Fishing: Ice fishing season is over
Normally at this time of the year, I’d be talking about the end of the ice fishing season, but from reports I’ve received, there’s nothing to talk about.
Tim Blodgett of Saratoga Tackle summed it up with: “Too cold, too much ice and just too much winter. Our season here at the tackle shop was really over last month.” He said there were a few out there on the 20 inches of ice, fishing for panfish and a few out there with their vehicles. I don’t believe that’s a good idea.
There have been reports of good lake trout fishing on Lake George, but I couldn’t get any information.
I got the results of the Schroon Lake Fish and Game Club’s ice fishing contest earlier this month, and it’s obvious that there are still big fish in Schroon. There were 578 contestants who braved the two-day event’s cold. Check out these winning weights.
Three big pike came to the scales. Colt Russell led with a 16.40 pounder, followed by Josh Heath, 12.07 pounds; and Will George, 11.32.
It looks like Lake George isn’t the only water with big lakers. Caleb Meade hauled in a 7.60-pounder, followed closely by Emily Caouette, 7.26; and Wayne Welch, 7.09. Michael Gibson won the salmon category with a 5.14-pounder, and Steve Aiken’s 3.76-pound salmon just nosed out Josh Priest’s 3.64-pound catch. Other winners included Steve George’s 1.46-pound perch and Marc Bordeau’s 4.75-pound pickerel.
The Bassmaster Elite Series, 1,100 miles to the south, attracted 108 of the top pro bass anglers to the St. Johns River in northern Florida, and I “forced” myself to go to all four of the weigh-ins. On day one, Randy Howell of Alabama, took the lead with 27 pounds, three ounces, but there were 10 other anglers with 20-plus pounds that day.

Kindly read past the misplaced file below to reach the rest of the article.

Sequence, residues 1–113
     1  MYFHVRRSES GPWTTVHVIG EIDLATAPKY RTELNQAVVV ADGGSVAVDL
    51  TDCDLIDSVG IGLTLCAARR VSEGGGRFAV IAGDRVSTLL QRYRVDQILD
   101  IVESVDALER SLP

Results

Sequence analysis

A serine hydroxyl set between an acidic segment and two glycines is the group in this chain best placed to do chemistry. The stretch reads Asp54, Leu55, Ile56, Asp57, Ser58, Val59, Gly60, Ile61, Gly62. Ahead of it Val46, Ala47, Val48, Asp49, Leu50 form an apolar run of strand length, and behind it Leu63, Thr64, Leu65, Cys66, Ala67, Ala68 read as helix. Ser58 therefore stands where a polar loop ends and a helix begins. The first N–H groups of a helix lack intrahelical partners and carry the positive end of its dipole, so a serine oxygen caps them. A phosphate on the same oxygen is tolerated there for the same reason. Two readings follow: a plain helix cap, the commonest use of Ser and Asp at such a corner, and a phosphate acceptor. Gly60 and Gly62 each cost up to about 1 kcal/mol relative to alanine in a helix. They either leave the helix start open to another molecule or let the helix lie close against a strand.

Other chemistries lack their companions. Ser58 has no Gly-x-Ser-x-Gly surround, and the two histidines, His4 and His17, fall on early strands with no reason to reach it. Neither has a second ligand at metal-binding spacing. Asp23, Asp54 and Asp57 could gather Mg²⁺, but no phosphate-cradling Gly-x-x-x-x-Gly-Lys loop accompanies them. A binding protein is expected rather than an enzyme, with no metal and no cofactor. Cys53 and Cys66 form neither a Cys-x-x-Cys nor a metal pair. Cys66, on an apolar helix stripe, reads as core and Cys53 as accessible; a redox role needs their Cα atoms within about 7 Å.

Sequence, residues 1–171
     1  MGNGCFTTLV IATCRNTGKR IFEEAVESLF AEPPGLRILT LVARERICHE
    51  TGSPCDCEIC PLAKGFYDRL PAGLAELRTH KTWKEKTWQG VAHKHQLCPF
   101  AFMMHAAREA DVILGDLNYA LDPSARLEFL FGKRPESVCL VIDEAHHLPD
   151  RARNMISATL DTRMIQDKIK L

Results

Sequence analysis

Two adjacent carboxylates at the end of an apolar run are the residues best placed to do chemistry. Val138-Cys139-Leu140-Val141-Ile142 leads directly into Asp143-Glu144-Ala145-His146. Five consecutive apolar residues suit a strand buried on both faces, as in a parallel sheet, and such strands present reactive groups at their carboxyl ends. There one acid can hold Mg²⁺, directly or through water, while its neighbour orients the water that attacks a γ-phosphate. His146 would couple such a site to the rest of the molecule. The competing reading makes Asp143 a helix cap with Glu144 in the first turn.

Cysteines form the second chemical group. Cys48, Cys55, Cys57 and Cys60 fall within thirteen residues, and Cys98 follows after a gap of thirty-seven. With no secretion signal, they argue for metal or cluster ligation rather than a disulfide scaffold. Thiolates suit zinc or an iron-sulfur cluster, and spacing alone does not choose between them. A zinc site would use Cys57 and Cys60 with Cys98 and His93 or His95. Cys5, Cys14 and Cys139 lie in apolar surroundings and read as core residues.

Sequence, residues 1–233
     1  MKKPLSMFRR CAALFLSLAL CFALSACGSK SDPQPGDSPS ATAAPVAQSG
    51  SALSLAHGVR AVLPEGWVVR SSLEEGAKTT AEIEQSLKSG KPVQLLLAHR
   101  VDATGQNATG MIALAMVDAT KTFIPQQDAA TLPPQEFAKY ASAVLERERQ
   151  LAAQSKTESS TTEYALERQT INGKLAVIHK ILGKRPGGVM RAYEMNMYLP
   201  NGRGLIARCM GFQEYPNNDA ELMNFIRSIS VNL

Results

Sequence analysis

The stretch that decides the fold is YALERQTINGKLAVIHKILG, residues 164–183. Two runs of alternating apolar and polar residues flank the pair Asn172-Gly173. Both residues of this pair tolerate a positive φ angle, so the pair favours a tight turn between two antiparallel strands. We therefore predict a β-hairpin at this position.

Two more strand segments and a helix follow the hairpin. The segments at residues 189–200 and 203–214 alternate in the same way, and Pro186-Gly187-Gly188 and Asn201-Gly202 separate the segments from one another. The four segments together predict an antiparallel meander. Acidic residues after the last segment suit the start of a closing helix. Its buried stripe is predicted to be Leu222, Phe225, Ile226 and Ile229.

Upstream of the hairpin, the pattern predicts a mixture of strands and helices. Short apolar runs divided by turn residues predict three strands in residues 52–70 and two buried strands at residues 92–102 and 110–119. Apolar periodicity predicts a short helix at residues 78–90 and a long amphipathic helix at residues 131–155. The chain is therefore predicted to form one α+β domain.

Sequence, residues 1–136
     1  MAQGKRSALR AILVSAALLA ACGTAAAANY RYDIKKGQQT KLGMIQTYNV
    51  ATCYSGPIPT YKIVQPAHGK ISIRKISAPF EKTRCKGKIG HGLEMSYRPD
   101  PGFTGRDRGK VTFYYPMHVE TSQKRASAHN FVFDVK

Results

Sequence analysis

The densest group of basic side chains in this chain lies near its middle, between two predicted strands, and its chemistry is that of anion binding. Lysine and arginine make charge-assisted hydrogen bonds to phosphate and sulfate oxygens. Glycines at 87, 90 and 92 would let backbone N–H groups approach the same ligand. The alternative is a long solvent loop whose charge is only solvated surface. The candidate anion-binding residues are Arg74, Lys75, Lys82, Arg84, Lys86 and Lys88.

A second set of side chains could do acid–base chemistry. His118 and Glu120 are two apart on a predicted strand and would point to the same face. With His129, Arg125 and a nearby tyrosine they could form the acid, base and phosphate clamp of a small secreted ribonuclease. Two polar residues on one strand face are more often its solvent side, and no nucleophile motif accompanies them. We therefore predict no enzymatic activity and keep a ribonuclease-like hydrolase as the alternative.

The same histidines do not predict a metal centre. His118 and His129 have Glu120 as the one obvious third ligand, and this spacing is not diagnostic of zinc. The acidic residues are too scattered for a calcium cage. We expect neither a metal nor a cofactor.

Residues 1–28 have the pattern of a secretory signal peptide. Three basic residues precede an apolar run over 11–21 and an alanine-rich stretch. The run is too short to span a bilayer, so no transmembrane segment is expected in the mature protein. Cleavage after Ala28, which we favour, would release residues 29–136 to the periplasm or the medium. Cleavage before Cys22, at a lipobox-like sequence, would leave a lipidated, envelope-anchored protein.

On day two, Alabama pro Chris Lane took a commanding lead with his five-bass catch of 37 pounds, nine ounces that was anchored by an eight-pound, 15-ounce largemouth. Lane never looked back, finishing with 19 pounds, nine ounces on day three and 15 pounds on day four — a winning total of 90 pounds, 13 ounces. That was 14-plus pounds over runner-up Dean Rojas of Arizona.
For Lane, who won last year’s Bassmaster Classic, it was his sixth Bassmaster victory. The winner concentrated on a mile of lily pads in seven feet of water all four days. He punched a heavy jig through the vegetation, targeting bass that were both pre- and post-spawn largemouths. His win earned him $102,000 — that’s $5,100 per bass — and most importantly, he solidified a berth in the 2015 Bassmaster Classic.
If you are wondering what to expect Tuesday, the opening of our trout season, here’s what DEC forecasts for Region 5. Relatively little snowfall in the eastern Adirondacks has resulted in the larger trout streams building an exceptional abundance of ice, including “anchor ice.” Anchor ice forms on the bed of streams, especially in riffles, and builds up from the stream bottom.
There are three effects this much ice in the rivers can cause. It could increase the mortality of fish and invertebrates, or when the ice breaks up, it can form jams that grind their way down sections of rivers, having a very detrimental effect on fish and invertebrates. Lastly, anglers may not even be able to get into the rivers until late April. Trying to get there would be difficult and very dangerous.
The good news is that the fish “always survive.” Stocking, however will obviously be later in the season.
Good luck, and remember to send me your Fish Tales.